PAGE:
Young flautist Katherine Bryan is rapidly establishing her place as one of Britain’s bright musical stars of the future. Now she new releases a second disc of flute concertos by Rouse and Ibert on Linn Records on May 20, here she talked about her second flute concerto album what’s the diferent from the first, the works by American composers and more…
” It is no coincidence that the opening concerto on both of my recordings is a work by an American. I spent my student life at the Juilliard School in New York where I was lucky enough to study with renowned flautist Carol Wincenc, who had commissioned a number of works by American composers. The more I discovered this music, the more I felt inspired and excited to bring it back to the UK and perform it. Composers such as Lowell Liebermann and Paul Schoenfield became regular features in my recital programmes and I loved the warm reactions that audiences would give to the pieces. I also began to play earlier American music, such as Copland’s Duo for flute and piano, with a new feel and understanding. Carol Wincenc had played this piece for Copland himself and by studying it with her I felt I had a direct line back to him.
Selecting the music for my first CD of flute concertos was difficult, as I wanted to highlight an American concerto but also wanted to include the Nielsen Concerto, a favourite of mine for many years. Ultimately, I chose to feature two main works; the Liebermann Flute Concerto and the Nielsen. The music of Lowell Liebermann, also a Juilliard graduate, has an open lyricism to it that I immediately fell in love with. Similarly, for my second CD I chose the wonderful Ibert Concerto to share the limelight with the flute concerto by the American composer Christopher Rouse. Alongside these are the stunning Ballade by Frank Martin, and Debussy’s haunting Syrinx.
I don’t think it is possible to qualify a piece of music as sounding ‘American’. Many of my favourite American works take much inspiration from other traditions. The Rouse Flute Concerto is an excellent illustration of this with its many Celtic influences. However, when one hears the opening of a piece such as Copland’s Appalachian Spring for example, it is impossible to deny that it conjures up a feeling of space and landscape, transporting one straight to the countryside of Pennsylvania, Tennessee or Maryland (despite the title of this piece being rather an afterthought, as Copland originally called the piece, commissioned by dancer and choreographer Martha Graham, ‘Ballet for Martha’, and it was actually she that suggested the final title). Liebermann’s music has the same natural, honest feeling as Copland’s, taking you on a journey through a whole breadth of human emotions. There is a quiet boldness to the American works I know and love, an openness similar to that which I find in my American friends. This is the quality that draws me to the music, and one I find is particularly befitting of the flute. I feel when played at its best, the flute has an open and soulful character that makes it unique and irresistibly alluring.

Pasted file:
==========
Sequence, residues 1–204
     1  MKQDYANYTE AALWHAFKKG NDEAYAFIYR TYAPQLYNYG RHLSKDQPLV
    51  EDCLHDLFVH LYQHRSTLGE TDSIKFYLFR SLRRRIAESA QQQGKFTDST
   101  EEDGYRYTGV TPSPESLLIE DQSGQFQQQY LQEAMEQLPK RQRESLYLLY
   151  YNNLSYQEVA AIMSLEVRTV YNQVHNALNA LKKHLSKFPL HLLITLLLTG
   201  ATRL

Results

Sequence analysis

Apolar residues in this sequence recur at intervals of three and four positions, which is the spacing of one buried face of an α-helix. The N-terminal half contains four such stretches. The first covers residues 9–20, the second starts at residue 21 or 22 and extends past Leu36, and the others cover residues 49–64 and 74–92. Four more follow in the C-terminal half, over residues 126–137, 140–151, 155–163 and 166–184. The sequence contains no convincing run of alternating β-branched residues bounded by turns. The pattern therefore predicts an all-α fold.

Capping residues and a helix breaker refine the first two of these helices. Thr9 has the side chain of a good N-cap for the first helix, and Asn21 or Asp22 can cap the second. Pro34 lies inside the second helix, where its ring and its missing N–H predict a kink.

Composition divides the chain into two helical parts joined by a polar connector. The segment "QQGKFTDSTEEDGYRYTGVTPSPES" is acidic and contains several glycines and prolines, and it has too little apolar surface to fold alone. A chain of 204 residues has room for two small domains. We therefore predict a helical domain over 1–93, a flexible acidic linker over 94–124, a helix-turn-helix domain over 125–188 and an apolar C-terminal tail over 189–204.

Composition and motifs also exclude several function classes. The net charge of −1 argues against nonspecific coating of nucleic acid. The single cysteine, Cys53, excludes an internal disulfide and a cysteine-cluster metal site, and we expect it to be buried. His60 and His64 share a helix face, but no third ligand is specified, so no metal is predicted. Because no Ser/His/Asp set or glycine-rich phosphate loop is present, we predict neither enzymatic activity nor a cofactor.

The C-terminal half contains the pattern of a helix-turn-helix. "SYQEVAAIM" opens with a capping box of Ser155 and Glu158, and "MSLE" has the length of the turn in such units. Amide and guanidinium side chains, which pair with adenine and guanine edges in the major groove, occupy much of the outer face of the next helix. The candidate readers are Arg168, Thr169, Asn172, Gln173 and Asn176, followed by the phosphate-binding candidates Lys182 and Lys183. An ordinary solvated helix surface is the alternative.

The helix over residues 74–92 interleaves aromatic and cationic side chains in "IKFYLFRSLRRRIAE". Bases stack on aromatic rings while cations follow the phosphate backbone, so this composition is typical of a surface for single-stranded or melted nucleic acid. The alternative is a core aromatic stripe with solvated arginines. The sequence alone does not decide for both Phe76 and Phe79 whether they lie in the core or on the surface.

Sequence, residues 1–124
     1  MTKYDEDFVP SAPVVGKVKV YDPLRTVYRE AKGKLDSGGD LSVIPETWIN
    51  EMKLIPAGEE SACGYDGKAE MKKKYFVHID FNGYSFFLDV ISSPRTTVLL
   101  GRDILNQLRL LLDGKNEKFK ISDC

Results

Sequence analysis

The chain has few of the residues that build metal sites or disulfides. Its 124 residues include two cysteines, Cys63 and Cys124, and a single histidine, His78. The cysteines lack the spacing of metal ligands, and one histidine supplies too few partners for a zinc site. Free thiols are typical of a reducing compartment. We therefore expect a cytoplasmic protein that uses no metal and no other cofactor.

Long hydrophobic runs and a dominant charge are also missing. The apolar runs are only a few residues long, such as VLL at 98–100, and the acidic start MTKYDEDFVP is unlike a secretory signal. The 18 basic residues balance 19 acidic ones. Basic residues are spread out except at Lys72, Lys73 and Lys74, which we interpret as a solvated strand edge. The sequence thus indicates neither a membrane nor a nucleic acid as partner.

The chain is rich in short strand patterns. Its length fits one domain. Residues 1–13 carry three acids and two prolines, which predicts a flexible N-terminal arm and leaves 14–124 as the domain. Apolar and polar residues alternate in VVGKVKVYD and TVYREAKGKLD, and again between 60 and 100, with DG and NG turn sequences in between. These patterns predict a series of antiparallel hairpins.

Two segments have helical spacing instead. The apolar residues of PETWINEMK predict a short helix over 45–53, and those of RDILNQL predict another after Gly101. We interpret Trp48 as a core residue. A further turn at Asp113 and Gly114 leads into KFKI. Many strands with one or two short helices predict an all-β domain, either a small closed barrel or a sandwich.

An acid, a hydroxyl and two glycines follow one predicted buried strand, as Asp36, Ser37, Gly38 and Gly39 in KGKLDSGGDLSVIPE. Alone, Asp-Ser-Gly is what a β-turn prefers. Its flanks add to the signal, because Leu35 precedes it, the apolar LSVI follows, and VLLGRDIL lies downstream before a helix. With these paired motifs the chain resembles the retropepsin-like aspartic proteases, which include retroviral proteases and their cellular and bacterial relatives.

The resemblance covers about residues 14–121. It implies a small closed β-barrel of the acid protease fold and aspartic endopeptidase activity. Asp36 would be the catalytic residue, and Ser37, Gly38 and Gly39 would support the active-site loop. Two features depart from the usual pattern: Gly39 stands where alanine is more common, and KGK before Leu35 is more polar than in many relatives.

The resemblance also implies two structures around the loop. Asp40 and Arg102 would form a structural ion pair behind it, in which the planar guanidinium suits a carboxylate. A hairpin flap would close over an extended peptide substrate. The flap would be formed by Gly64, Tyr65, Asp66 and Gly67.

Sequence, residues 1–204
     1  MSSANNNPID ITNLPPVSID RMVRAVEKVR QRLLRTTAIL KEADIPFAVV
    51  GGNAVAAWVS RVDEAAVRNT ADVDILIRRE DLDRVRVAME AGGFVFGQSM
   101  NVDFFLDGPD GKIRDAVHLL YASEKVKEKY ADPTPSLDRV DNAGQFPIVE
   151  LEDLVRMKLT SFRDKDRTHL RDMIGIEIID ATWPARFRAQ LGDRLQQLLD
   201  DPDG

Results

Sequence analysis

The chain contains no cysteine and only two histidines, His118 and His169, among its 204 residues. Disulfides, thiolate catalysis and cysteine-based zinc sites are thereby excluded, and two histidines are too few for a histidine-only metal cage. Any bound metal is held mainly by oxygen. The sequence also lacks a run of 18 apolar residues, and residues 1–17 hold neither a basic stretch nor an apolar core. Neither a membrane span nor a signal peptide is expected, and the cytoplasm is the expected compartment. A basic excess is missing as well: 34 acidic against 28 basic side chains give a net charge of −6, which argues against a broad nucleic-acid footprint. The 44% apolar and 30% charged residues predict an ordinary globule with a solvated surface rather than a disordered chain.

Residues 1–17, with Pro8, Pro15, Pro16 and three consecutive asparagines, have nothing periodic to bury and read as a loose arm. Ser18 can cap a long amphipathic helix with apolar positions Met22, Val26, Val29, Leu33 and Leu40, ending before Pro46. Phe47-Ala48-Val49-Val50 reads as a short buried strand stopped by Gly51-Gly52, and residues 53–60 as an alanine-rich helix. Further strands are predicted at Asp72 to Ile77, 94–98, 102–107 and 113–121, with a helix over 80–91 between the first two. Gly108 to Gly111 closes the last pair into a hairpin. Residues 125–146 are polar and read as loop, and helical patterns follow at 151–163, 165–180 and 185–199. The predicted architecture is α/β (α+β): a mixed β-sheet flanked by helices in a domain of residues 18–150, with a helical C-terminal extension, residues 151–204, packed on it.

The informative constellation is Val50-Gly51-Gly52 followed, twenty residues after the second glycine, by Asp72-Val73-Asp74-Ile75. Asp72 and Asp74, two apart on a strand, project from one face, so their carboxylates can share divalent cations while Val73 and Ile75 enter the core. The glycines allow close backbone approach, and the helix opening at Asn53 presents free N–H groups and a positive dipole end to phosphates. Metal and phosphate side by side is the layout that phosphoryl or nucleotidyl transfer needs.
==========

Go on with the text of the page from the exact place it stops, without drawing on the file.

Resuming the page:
The flute concerto by Christopher Rouse, composed in 1993 and featured on my latest release, is an incredibly powerful piece of music. The piece’s impact on me increased as I discovered more about the music and the influences behind it. The concerto has connections to Celtic musical traditions. Even though both of Rouse’s parents’ families emigrated to America well before the Revolutionary War, he has said that he still feels a ‘deep ancestral tug of recognition’ when exposed to the arts and traditions of the British Isles. It also felt particularly fitting to choose the Rouse for my latest recording as I am currently living in Scotland, and love Celtic music. The piece has five movements, of which the third movement was written in response to the tragic killing of the young child James Bulger in Liverpool some years ago. Rouse followed this case closely during the time he was composing the concerto and was unable to erase the distress of these events from his mind. Even though I was a child of only ten years old at the time, I too remember this event shaking me to the core. The movement is an elegy dedicated to James Bulger’s memory, in Rouse’s words ‘a small token of remembrance for a life senselessly and cruelly snuffed out’. The first and last movements bear the title ‘Amhrán’ (Gaelic for ‘song’) and are simple melodic illustrations for the solo flute over the accompaniment of orchestral strings. They evoke the traditions of Celtic folk music, and are incredibly spiritual. Significantly for me, not only was Christopher Rouse a professor of composition at the Juilliard when I studied there, but the piece was written for my teacher Carol, who also made the first recording of it. I feel so proud and fortunate to have released the first British recording of this amazing work.”